To unlock a Lime e-bike or e-scooter, users of the share scheme scan a QR code. However, London vandals have reportedly been rendering vehicles unusable by peeling the stickers off.
Some believed that a handful of users were removing the labels in a bid to keep individual bikes available for their own use.
However, Lime told the BBC that its data showed this wasn’t generally the case and that mostly it was just instances of vandalism.
So exactly what strategies can you turn to when your business model hinges on leaving your vehicles out accessible to anyone?
You can “deploy protective covers” of course.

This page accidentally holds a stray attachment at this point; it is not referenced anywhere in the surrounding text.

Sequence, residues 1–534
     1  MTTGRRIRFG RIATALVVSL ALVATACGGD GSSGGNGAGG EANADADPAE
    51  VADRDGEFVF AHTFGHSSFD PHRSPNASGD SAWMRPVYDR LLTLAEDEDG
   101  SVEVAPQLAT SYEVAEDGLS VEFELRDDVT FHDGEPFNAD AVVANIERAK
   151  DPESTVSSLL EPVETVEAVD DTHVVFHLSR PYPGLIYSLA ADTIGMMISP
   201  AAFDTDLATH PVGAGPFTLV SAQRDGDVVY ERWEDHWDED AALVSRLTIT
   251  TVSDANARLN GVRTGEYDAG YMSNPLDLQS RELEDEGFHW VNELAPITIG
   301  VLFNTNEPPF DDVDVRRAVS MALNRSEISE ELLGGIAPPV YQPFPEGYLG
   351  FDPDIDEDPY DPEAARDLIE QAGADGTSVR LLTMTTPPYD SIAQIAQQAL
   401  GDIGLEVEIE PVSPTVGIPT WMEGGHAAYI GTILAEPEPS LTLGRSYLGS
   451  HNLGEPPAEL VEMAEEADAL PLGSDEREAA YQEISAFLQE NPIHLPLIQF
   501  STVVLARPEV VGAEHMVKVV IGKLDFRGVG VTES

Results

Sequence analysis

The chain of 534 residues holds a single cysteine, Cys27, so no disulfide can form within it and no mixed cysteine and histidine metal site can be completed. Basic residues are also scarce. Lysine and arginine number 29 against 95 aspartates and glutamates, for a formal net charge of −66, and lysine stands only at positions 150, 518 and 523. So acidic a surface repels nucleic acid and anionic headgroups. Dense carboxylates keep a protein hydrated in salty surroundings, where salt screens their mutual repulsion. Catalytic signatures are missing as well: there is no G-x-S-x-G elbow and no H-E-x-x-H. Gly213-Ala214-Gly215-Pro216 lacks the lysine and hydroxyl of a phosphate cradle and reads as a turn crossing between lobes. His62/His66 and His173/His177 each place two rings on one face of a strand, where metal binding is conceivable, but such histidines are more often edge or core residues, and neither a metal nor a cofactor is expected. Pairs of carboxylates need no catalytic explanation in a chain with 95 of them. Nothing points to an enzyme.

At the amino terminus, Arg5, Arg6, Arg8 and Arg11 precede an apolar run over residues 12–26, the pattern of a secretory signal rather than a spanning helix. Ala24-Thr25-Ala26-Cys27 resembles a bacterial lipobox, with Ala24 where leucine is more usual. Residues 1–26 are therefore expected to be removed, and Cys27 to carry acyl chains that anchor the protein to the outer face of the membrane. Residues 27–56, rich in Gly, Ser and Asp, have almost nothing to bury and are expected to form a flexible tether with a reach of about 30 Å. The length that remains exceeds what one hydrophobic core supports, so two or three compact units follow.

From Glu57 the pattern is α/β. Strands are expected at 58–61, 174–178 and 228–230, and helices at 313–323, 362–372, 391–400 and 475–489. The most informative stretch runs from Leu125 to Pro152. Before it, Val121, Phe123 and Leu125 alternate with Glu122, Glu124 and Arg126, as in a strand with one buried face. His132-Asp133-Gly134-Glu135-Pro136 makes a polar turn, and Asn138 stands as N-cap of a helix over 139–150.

"We have clear steps in place to prevent QR code vandalism, including deploying protective covers on all vehicle codes,” said a spokesperson.
So basically they’re putting plastic over them.
The spokesperson added: "By creating a safe and reliable service in London, we are ensuring we have a long-term impact on improving congestion and air pollution in the city we love."
US-based Lime first launched in the UK in London and Milton Keynes and has since rolled out a fleet in Greater Manchester where a previous bikeshare scheme, run by Mobike, was abandoned due to theft and vandalism in 2018.
Mirroring a recent trend seen in other schemes, Lime says that use of its e-scooters in Manchester has increased by 40 per cent during the fuel crisis, while e-scooter and e-bike use in London is up by 20 per cent.